- Explore recipes (try different recipes that allow you to use up the ingredients you already have on hand and that may allow you to swap in ingredients when they are in season).
Do All Neighborhoods Have Access to Plant-Based Foods?
To be honest, this can be tricky but totally doable! Not all neighborhoods and communities in Georgia have the same access to fresh fruits and vegetables. Depending on where you live, it may be helpful to shop outside your zip code.
The good news is that there are many local farmers markets and community cooperative initiatives increasing access to produce. For example, there are farmers markets hosted in select MARTA stations in Atlanta, allowing people to access fresh food as part of their daily commute.
And, many farmers markets across the state have programs to make the food they sell more affordable. For example, many Georgia farmer’s markets accept SNAP/EBT dollars. In addition, some markets allow SNAP/EBT dollars to go further by providing dollar for dollar matching. So, $10 of SNAP benefits, for example, can get you $20 worth of food at these markets.
Finally, the wide variety of plant-based options allows you so much flexibility in what you can put on your plate, and most items like beans, nuts, seeds and whole grain are often easy to find and reasonably priced.
Is Plant-Based Better for the Environment?
That’s an easy one: YES! There is no doubt that your personal food choices can impact the climate. Recent studies show that even just removing beef from the typical American diet, can lower the carbon footprint of our food by almost 25%.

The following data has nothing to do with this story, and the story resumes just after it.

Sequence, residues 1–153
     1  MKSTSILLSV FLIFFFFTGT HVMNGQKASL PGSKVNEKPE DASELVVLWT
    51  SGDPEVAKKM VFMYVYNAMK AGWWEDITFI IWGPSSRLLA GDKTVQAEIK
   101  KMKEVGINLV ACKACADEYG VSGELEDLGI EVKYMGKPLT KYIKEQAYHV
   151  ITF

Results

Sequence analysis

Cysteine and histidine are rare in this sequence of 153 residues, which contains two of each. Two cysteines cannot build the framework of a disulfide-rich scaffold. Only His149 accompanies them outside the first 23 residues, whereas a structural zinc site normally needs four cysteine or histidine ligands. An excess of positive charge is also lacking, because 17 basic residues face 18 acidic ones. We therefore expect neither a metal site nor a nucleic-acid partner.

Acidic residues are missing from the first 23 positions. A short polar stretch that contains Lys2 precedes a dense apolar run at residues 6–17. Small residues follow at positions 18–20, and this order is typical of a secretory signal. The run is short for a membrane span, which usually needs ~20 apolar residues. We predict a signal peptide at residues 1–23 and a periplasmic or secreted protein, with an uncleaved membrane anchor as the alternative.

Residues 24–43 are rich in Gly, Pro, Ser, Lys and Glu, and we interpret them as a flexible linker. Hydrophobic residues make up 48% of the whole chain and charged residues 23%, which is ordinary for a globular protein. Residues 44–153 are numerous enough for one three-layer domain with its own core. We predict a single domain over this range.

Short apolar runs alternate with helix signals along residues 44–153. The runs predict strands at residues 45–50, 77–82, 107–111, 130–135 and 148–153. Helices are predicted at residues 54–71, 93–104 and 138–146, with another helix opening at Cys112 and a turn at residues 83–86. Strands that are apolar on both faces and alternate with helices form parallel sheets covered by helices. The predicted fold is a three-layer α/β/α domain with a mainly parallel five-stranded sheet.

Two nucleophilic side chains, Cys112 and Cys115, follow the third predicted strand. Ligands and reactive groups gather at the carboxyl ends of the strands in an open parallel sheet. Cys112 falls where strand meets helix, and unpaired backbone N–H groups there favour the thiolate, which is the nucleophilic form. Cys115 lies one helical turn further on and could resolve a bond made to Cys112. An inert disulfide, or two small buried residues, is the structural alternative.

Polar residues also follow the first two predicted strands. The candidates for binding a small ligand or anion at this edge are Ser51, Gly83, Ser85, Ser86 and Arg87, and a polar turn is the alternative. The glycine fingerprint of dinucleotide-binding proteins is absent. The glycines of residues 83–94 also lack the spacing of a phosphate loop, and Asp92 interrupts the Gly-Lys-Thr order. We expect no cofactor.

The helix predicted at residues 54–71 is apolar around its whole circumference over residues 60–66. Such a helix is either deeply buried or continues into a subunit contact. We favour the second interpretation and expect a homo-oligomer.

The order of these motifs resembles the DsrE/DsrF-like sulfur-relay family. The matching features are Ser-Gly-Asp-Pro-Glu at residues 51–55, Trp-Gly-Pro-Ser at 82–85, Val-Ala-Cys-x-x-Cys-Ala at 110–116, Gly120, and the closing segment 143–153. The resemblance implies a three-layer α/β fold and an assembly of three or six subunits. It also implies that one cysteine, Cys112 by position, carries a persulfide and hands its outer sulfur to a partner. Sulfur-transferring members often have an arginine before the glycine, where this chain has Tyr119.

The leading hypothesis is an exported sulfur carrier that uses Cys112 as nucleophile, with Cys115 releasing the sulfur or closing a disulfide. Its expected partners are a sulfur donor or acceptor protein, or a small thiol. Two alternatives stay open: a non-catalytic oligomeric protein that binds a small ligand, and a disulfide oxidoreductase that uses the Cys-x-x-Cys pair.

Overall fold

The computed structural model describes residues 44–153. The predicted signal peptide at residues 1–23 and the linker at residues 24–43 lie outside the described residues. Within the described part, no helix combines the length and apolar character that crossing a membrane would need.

Everyone can help advance climate solutions by adopting a plant-based diet to help preserve our ecosystem and environment.
You can reduce the carbon footprint of your diet even further by eating fruits and veggies in season, buying local produce when possible, avoiding packaged or processed foods, choosing certified organic when possible, and trying to prioritize/plan/prepare for more plant-based sources of protein.
Can Switching to a Plant-Based Diet Cut Greenhouse Gas Emissions?
Yes, and by a significant amount!
Conventional animal agriculture produces greenhouse gas emissions that fuel climate change. For example, cows and other ruminant animals such as goats and sheep release methane gas, a powerful greenhouse gas. This occurs as part of their digestion process as well as from their manure.
Another powerful greenhouse gas, nitrous oxide, is released from manure and is also often used as a chemical fertilizer. Globally, there are also emissions associated with clear-cutting forests to make space for pasture land. A small number of farmers, including some based in Georgia, are raising cattle and other livestock in ways that minimize or even eliminate these impacts. However, most meat we consume in the U.S. does not.
Researchers have worked to quantify the global impact of animal agriculture. Phasing out conventional animal agriculture over the next 15 years would have the same effect as a 68 percent reduction of carbon dioxide emissions by the year 2100. Research and projections by two researchers in the journal, PloS Climate, found the impact of switching to a plant-based diet had the potential to offset almost 70 percent of the heating effect from emissions and limit global warming by 2 degrees.
How Can I Eat Sustainably Without Being Vegan?
Where there is a will, there is a way!